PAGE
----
This album consists of two tracks performed solely on the piano. The opening title track instantly drives home one unequivocal fact: 6 piano notes repeated ad nauseum to the edge of infinity does not make for a cosy dinner soundtrack, and the girl sitting opposite you will most likely kindly ask you to put on an album that isn't stuck in a god forsaken vinyl groove.

There is method to his madness though. The echoing ripple effect of those 6 notes becomes increasingly hypnotic as the track unfolds. New slightly different shadings find their way into the music with a small change in the pauses between the clinkering, as well as a slight difference felt in the harmonics. Getting deeper and deeper into this raw piano abyss, you suddenly start questioning your sanity, sofa and sound system. It lulls you into a huge white landscape much like a Scandinavian wilderness drowned in sparkly snow - feeling as if you've gazed into the sun for far too long with small blobs of blue and purple forming around the corner of your eye in kaleidoscopic patterns and swirls.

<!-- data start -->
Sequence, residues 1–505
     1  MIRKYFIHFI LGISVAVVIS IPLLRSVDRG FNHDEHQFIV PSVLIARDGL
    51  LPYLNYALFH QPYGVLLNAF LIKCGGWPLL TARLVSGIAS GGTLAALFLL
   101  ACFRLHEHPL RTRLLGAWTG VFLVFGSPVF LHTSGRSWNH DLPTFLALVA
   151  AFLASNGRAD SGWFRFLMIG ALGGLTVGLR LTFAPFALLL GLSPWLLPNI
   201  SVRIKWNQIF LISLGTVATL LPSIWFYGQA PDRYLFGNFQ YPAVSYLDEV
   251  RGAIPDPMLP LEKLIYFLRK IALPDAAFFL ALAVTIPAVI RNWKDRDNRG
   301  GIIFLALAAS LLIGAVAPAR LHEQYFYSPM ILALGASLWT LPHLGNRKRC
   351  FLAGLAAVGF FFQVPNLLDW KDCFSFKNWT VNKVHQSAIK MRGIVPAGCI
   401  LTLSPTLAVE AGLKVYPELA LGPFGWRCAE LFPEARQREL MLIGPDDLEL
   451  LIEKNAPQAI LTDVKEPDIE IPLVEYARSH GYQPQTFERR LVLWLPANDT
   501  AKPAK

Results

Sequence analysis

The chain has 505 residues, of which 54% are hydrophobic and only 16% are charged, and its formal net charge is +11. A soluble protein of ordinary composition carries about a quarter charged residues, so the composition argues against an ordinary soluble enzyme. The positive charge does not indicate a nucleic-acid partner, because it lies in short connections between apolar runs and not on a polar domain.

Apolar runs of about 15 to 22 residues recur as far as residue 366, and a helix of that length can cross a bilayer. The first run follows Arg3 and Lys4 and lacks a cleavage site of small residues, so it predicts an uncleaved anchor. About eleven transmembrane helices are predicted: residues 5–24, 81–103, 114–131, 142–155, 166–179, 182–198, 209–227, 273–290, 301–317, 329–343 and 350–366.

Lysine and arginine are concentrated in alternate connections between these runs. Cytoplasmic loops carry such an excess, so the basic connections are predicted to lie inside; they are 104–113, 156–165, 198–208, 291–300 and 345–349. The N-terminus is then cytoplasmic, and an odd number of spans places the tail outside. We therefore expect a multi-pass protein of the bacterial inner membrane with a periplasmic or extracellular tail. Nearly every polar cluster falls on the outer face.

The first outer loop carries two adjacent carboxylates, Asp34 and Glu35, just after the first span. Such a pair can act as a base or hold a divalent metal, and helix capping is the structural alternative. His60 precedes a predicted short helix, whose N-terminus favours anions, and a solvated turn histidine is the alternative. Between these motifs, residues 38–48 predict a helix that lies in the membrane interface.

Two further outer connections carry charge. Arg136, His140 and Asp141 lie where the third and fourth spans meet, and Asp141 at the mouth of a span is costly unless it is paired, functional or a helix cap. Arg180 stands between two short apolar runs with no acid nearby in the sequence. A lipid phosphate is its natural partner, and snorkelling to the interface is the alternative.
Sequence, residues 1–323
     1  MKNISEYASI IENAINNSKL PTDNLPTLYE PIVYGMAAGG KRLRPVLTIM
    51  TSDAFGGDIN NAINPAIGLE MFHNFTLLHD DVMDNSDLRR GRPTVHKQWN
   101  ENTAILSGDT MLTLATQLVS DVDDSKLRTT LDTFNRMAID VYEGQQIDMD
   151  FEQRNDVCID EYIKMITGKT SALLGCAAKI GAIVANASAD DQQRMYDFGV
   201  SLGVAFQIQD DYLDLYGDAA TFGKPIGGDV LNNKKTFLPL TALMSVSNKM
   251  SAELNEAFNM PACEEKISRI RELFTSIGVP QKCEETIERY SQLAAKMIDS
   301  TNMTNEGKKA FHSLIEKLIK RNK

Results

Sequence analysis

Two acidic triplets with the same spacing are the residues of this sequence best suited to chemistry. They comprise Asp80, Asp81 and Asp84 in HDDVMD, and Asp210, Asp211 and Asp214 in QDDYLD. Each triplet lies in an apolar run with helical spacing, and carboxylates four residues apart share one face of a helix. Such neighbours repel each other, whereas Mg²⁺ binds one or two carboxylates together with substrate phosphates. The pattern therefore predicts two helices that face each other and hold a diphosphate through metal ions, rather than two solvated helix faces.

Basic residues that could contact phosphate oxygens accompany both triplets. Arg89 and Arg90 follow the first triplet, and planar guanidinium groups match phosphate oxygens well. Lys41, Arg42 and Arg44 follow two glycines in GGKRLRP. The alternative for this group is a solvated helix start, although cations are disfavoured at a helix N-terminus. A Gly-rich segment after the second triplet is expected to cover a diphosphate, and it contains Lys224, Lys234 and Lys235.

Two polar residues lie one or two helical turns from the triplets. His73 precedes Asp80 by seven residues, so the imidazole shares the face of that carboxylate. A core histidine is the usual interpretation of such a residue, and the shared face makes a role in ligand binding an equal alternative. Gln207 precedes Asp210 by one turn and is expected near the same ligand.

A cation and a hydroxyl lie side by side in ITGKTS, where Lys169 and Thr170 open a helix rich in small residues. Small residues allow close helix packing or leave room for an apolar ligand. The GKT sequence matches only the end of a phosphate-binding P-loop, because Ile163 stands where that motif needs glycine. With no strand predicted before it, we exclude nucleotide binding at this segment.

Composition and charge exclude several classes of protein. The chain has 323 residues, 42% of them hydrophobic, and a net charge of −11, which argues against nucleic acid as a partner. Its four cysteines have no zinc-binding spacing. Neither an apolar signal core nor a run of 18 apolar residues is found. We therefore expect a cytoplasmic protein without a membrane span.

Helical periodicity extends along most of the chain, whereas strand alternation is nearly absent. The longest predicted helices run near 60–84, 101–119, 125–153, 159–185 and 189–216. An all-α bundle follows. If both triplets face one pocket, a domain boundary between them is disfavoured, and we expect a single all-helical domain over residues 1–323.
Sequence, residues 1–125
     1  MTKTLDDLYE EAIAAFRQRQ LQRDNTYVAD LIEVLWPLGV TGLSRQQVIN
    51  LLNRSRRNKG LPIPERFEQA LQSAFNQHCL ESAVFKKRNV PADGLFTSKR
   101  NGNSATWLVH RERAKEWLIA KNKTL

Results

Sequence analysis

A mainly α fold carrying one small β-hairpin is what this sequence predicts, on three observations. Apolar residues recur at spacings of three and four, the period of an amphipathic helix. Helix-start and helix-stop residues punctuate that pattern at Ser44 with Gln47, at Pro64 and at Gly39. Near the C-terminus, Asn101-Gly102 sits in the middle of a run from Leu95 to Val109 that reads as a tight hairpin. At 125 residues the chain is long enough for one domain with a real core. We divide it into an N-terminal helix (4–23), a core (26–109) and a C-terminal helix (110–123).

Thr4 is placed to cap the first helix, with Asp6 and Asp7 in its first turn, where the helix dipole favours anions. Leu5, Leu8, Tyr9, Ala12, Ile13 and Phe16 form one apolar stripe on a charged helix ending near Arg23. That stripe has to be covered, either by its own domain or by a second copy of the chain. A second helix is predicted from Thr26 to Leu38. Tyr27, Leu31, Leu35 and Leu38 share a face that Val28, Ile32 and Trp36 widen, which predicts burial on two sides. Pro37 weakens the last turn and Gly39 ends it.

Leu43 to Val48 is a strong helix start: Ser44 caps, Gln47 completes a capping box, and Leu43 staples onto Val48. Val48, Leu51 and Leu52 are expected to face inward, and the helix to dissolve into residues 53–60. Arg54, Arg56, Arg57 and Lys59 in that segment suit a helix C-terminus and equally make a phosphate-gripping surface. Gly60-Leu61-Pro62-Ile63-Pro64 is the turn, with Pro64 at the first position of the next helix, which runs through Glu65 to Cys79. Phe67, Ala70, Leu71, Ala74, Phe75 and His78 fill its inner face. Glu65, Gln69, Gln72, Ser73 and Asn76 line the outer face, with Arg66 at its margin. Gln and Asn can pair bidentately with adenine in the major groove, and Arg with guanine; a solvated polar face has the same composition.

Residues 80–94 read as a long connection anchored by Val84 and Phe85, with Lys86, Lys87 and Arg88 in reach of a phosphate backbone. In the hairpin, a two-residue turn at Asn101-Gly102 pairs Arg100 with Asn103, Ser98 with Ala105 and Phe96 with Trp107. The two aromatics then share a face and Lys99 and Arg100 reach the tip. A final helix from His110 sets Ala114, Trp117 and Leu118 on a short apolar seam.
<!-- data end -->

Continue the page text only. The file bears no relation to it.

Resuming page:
The second cut 'Sud Afternoon' continues in it's predecessor's footprints, only here you get yet another acoustic piano chiming in. The emphasis on repetition and infinitely minuscule enhancement of a certain note still rules the coop, challenging the listener to be abnormally patient and to make something out of the, almost, blank canvas presented to him. It's a gift handed over to you, an abstract one at that.